Not surprisingly the topic on all people’s minds is the torrential rainfall of the last week or so, with some people receiving over 5 inches of rainfall over the last week. Here we’ve had around 3 1/2″ in the last 5 days, which has caused flooding like I’ve never seen before. The picture on the right is the River Welland, normally a quiet stream meandering through the town but, last Wednesday it broke its banks and put 100 cars under water up to their doors. I walked past that car park on Saturday and there were cars parked in there again. By Sunday morning it was under water again!
Thankfully (maybe) our weather is on the change now, with the last of the heavy rain pushing up country today leaving showers in its wake. Still stuck in our trough pattern and, as I’ve been suggesting for awhile could happen, we’re now set to drag in very cold air from the east with winter set to really kick off this week. At present I can’t see the other side of it, so it looks like a prolonged cold spell is on the cards.
General Weather Situation
Currently the heavy rain front that has caused so many issues is heading north, with the north-east of England likely to get a clattering as it does. There is still some rain around for the south-east, east of England and the Midlands, but amounts will be alot lighter than of late. Ireland will also see a weak band of rain pushing eastwards across the country today, but again, no great shakes when it comes to amounts thankfully. Temperatures will start their gradual slide from today and by Tuesday that process is helped by a change in the wind direction from south-west / west to northerly. By mid-week I think we’ll see the start of concerted frost days (depending on cloud cover that is). For Tuesday, that rain will still be sitting in a line from the Isle of Wight to Newcastle, but all the time it’ll be dissipating. Ireland looks to have a dry day, with some sunshine would you believe and this may even make an appearance late in the afternoon down the south-west corner of the U.K. By Wednesday the wind is set northerly, the temperatures have dropped and we’re in for a dull, cold start, with the sun breaking through in the afternoon. If you stay clear, I expect frost on Wednesday night. For Thursday we have a rain front pushing into Munster and Connacht early doors and then moving eastwards through the day. As this rain reaches the west of Scotland, I expect it to turn to snow, even at low levels. It will reach the south-west of England and Wales overnight, falling as rain, into Friday morning, but again amounts will be light compared to anything we’ve had to endure of late. The rest of the country looks to stay dry, but cold and dull with hazy sunshine possible later in the day. The weekend looks a bit tricky to forecast because we have some moisture pushing down in that bitter north wind and this will turn to sleet and snow, even over low ground in England. At present its likely to affect the east side of the U.K through the early hours of Saturday morning. The rest of Saturday looks like being bright, but bitterly cold with temperatures struggling to get above freezing for most of the day and a widespread frost that night. Sunday looks similar with the winds moving round to the west, but cold, with some risk of sleet / snow showers during the day.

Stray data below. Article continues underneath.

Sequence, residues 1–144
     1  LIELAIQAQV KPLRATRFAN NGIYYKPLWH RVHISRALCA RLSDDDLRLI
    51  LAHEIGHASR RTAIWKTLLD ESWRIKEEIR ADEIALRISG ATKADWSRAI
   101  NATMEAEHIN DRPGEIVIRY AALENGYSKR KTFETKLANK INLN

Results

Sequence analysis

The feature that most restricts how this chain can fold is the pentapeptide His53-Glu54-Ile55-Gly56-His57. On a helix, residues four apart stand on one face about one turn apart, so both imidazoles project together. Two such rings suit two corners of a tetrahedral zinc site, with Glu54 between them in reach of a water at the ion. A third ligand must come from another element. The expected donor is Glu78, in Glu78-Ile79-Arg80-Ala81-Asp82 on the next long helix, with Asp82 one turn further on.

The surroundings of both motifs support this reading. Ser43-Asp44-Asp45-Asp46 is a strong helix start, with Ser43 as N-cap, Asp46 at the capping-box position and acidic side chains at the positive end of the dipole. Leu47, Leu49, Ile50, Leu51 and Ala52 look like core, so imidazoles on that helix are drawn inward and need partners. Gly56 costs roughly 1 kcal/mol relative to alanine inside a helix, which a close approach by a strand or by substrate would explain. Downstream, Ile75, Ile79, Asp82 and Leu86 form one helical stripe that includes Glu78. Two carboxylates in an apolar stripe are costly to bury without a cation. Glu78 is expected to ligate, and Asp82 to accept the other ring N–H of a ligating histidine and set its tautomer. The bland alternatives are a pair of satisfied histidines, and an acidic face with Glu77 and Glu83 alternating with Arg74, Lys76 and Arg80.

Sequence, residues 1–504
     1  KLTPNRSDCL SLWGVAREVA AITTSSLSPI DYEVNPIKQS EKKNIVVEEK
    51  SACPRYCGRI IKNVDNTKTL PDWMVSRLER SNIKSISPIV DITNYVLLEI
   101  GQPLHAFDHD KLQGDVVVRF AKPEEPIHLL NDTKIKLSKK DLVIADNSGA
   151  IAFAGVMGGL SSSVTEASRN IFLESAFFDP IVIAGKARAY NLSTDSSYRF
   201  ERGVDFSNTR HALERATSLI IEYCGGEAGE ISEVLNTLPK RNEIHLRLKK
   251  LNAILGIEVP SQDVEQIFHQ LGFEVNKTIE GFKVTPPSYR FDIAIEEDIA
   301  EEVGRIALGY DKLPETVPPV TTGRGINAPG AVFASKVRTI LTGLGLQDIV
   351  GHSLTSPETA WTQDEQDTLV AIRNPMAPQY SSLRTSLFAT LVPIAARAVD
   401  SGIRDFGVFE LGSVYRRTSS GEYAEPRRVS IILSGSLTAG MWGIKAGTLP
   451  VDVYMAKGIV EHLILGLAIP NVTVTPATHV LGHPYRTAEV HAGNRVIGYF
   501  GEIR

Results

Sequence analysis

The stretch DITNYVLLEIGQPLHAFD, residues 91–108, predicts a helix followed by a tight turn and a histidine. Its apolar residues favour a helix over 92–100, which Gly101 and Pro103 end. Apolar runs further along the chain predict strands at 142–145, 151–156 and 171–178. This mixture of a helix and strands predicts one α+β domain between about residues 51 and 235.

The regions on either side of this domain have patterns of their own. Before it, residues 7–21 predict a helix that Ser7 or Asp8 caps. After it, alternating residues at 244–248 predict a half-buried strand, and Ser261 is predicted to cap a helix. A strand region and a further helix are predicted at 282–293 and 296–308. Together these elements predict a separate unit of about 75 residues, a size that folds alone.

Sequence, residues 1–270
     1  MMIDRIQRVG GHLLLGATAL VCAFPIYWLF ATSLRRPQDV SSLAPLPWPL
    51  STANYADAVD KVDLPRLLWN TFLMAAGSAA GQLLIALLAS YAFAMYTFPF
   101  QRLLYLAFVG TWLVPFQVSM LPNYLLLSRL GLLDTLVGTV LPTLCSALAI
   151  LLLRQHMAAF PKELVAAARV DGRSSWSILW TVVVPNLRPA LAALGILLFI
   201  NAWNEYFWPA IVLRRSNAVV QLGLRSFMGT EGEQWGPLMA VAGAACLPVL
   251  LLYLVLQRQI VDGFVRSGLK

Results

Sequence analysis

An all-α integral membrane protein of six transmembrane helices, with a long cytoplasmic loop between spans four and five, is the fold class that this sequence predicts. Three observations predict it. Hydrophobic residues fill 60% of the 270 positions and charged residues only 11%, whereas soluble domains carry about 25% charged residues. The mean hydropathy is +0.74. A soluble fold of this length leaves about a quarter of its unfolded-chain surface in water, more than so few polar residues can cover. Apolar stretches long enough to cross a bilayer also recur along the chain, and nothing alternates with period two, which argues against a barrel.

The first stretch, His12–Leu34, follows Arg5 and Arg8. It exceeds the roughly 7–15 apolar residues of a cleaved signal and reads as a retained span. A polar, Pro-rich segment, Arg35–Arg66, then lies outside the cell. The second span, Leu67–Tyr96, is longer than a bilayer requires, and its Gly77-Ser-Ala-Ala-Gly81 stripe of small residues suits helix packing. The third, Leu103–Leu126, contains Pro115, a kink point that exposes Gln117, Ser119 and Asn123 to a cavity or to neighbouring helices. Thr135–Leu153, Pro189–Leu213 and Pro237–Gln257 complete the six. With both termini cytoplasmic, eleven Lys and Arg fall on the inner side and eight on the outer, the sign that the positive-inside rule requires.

For next week, the outlook looks to remain cold, with a likelihood of temperatures dropping even more as colder air funnels in from the north-east and fills the trough. A low pressure system is set to sit right over the U.K and my concern here is that in the past when this has happened, it can scoop up moist air from The North Sea and this then turns to snow as it makes landfall. It’s a difficult one to call as being 10 days away, I can’t determine the amount of moisture associated with the low pressure system. Either way it’s set to be cold / very cold, with repeated night frosts and feeling generally bitter
Agronomic Notes – Hypoxia Stress Warning
The big concern for me this week, with saturated rootzones going into frost, is loss of grass cover due to hypoxia (lack of oxygen). This one is a tricky phenomenon, but basically the rootzone sits saturated, with little oxygen available to the grass plant. Indeed, this has been the case for most of the last week, so it is already running on low from this perspective. An additional stress is applied (in this case cold-temperature stress) and the plant simply checks out, yellows off and dies. We saw this over the winter of 2010 / 2011, particularly in Ireland and I’m concerned we’ll see it again this week. The stress can even be related to a product application, one which normally would cause no issue, but often if the plant is stimulated to grow by a fertiliser application, it will cause it to respire more and with oxygen levels depleted, this growth cannot be supported and the plant weakens and dies. The scenario is further compounded by high surface organic matter levels and of course rootzones which are unable to move moisture through effectively.
Poa annua var. reptans (Perennial poa) is the plant species most affected by this phenomenon and therefore my advice for this week, if you’re in the scenario of having saturated greens and bearing in mind that even reaching them with a tractor-mounted sprayer would be an achievement for most, I’d leave well alone in terms of making liquid applications. The weather will be non-conducive to uptake in a days time anyway and is set to continue that way for the immediate future, so just let them sit there and dry out before contemplating reaching for anything other than a vertidrain.
Gotta dash, all the best and wrap up well